The University of Northampton is playing a role in trying to plug Europe’s IT skills gap, by inspiring the next generation to get into computer coding.
The European Commission has predicted that in 2020, there will be a shortfall of almost one million ICT professionals in Europe. An O2 report also finds that over 745,000 new ‘digital workers’ will be needed by 2017.
Computing and coding was introduced into the UK school curriculum, in 2014, and a year later, the University of Northampton kick-started a project to help further inspire primary aged children to get into IT.
The University joined forces with Northamptonshire County Council, the Code Club and The Worshipful Company of Information Technologists (WCIT) to launch a coding competition for county schools.
The initiative has been such a success, that the competition has now been opened up to surrounding counties, with a view to a UK-wide contest being organised by 2020.
Scott Turner, Associate Professor and Principal Lecturer in Computing, said: “The competition is something the Computing team at the University is proud to be involved with and believe it not only fits with our passion for promoting the relevance of Computing, but gets across to children how much fun programming is.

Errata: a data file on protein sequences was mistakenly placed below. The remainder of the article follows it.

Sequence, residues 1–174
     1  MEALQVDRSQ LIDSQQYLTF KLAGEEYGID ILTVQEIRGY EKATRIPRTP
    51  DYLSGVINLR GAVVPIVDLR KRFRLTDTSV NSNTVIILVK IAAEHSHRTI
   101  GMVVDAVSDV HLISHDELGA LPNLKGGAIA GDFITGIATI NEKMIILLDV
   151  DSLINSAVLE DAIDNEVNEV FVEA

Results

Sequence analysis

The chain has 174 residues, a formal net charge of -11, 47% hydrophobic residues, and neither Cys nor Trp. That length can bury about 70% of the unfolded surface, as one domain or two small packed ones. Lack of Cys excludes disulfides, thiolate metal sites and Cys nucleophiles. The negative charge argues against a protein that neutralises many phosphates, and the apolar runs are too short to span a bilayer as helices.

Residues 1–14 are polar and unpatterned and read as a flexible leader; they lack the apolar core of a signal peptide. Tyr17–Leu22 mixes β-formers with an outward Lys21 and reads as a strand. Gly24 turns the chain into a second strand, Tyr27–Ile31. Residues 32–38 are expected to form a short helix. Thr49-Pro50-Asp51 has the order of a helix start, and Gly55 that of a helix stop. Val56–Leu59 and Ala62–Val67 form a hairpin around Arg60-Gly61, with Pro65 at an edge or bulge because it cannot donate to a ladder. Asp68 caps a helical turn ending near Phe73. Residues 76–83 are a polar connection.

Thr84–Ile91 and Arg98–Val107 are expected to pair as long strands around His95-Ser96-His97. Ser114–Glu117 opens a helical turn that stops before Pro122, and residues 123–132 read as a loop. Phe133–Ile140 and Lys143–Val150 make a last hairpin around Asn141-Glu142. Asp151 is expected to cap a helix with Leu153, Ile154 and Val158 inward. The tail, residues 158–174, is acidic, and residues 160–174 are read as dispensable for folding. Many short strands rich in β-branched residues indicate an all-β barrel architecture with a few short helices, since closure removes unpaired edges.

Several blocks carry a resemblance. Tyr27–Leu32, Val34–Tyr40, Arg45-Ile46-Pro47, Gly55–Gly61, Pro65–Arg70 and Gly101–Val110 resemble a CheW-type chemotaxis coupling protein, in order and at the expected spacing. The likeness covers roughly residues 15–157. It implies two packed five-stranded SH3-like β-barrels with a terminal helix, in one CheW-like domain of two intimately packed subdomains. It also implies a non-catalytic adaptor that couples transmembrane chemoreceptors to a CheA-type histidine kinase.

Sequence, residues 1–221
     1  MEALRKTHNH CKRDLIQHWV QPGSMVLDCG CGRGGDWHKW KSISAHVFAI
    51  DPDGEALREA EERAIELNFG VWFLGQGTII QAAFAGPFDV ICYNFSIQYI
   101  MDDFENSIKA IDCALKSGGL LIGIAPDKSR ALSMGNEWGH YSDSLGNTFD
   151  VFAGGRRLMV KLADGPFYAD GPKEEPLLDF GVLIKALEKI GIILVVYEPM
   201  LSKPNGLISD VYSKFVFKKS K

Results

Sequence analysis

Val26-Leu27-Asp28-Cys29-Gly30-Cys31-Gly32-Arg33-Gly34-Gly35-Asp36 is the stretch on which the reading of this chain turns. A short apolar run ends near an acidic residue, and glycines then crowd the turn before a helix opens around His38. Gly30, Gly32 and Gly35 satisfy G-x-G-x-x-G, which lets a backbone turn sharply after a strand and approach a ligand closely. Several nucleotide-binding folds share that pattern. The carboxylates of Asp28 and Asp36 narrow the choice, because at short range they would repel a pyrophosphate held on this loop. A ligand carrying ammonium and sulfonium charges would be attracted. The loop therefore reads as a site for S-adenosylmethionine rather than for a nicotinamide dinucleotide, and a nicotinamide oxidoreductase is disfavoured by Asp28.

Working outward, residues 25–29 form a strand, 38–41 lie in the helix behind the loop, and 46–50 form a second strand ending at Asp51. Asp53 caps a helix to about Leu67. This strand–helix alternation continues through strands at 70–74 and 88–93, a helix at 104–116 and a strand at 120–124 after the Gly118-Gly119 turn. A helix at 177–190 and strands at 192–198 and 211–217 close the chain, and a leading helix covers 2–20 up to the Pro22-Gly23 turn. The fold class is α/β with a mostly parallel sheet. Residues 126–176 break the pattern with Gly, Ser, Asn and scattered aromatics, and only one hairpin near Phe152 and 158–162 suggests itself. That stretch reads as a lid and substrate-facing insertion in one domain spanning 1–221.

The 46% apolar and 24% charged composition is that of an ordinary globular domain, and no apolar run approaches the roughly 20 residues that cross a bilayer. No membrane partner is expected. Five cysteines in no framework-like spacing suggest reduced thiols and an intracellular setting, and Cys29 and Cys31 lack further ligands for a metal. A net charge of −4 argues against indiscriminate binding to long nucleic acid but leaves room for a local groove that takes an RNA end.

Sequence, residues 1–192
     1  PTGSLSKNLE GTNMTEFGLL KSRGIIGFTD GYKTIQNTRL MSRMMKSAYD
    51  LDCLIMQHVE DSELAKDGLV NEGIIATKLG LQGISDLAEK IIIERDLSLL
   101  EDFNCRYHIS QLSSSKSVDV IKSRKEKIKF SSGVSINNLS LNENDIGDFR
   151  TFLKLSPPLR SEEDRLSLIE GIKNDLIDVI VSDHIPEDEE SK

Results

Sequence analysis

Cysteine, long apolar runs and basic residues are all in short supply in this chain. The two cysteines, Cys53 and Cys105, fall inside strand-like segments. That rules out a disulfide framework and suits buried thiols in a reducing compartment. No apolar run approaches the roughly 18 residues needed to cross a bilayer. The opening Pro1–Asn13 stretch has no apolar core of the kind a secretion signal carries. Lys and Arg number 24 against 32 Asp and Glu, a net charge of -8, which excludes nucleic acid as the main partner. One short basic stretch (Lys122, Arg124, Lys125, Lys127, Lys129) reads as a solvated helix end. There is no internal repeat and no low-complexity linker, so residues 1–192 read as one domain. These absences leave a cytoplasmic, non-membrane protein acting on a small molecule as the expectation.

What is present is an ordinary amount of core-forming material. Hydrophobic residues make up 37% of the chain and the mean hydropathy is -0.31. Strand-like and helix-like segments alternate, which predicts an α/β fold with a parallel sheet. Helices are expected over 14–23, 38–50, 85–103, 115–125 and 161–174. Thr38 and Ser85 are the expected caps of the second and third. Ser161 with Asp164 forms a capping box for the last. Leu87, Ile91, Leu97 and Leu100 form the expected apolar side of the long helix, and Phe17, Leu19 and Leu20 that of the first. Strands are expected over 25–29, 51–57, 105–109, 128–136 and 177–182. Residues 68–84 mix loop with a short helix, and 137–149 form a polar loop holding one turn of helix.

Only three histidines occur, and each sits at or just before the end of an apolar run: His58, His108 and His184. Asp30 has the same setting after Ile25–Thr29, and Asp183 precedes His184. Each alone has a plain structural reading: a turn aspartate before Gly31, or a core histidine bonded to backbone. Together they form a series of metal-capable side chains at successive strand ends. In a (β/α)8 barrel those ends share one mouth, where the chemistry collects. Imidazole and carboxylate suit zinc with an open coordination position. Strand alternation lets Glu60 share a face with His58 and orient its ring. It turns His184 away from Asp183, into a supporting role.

“The aspect of fun is crucial, because if it’s fun, all of a sudden it doesn’t feel like ‘work’ and that will hopefully spark a passion inside the children which will stay with them as they get older.
“If they see coding as something they can do at such an early age, they lose their fear and they should become more open to continue studying computing as they get older. And with the demand for digital workers ever increasing, the opportunities for the next generation will be countless.”
The latest competition, which was for eight to 11-year-olds, saw school groups, code clubs and even individual children produce videos of a game they had written, using the Scratch coding system, to promote healthy lifestyles.
The overall winners were Team Jarl, which comprised pupils from Wellingborough’s Park Junior School – pictured.
Headteacher, David Tebbutt, said: “We have put a great deal of time developing a whole school approach into coding. This competition allowed some of our more able children and members of our ‘Coding Crew’ to develop their skills further. Working together in collaboration as part of a team, the children were able to hone their skills and share ideas with their peers.
“We are very grateful to WCIT as sponsor, Code Club, The University of Northampton and Northamptonshire County Council for all their support in developing this competition. We very much look forward to the 2018/19 competition and are already planning potential entries.”